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Possible Effects Of Herbal Tea On People Suffering From Hypertension



Possible Effects Of Herbal Tea On People Suffering From Hypertension: Researchers examined the impact of tea intake over time on the risk of having high blood pressure in 1,507 Chinese men and women living in Taiwan who had no prior history of the condition for the study, which was published in the July 26 issue of The Archives of Internal Medicine.

The type of tea (green, black, or oolong) that the subjects drank as well as their background as tea drinkers were also recorded by the researchers. The identical shrub yields green, oolong, and black teas. The type of tea and flavonoid content is determined by how the Camellia sinensis leaves are processed.

40% of the participants, according to the research, had been drinking tea consistently for one or more years and had been doing so for at least a half-cup each day. More than 96% of tea consumers said they preferred green or oolong tea.

Tea drinkers were more likely to be younger men with higher levels of education and socioeconomic standing than non-tea drinkers. But they were also more obese, smoked more, drank more alcohol, ate fewer vegetables, and consumed more sodium than those who didn’t drink tea regularly.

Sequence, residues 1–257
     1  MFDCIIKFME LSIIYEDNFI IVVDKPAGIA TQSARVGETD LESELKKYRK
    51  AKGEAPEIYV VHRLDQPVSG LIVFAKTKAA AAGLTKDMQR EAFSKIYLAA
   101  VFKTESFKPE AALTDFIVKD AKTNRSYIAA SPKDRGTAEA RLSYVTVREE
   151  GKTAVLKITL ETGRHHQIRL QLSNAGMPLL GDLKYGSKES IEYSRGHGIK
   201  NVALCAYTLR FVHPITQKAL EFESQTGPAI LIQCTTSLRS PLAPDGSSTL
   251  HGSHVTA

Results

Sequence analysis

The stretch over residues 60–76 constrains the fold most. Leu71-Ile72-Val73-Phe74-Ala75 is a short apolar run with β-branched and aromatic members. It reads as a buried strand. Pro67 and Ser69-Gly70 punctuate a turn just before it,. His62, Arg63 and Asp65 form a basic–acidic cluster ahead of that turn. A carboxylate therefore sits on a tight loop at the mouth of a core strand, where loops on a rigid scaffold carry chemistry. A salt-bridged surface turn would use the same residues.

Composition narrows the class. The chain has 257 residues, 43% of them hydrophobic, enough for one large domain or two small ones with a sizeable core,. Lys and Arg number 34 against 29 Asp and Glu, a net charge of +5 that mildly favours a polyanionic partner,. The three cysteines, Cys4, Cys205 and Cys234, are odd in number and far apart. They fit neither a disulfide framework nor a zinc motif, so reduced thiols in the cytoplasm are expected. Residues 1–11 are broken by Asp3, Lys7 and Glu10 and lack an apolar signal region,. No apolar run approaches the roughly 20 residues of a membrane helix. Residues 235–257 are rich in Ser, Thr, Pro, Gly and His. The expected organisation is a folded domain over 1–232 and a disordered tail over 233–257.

After controlling for these and other factors associated with heart disease and high blood pressure risk, researchers found that tea drinkers were considerably less likely to develop high blood pressure than non-tea drinkers.

Those who consumed at least a half-cup of moderately strong green or oolong tea every day for a year had a 46% reduced risk of developing hypertension than people who didn’t drink tea. More than two and a half cups of tea per day reduced the chance of high blood pressure by 65%.

Researchers report that “The risk of hypertension decreased over time as daily tea consumption rose, with non-habitual tea consumers having a higher risk than habitual tea drinkers. The prevalence of hypertension did not further decline with continued tea consumption after a year, though.”

The study’s results suggest that a half-cup of green or oolong tea per day for at least a year is the lowest quantity of tea needed to have blood pressure-lowering effects.

More thorough long-term studies are needed to confirm these results and understand the mechanisms underlying tea’s blood pressure-lowering effects.


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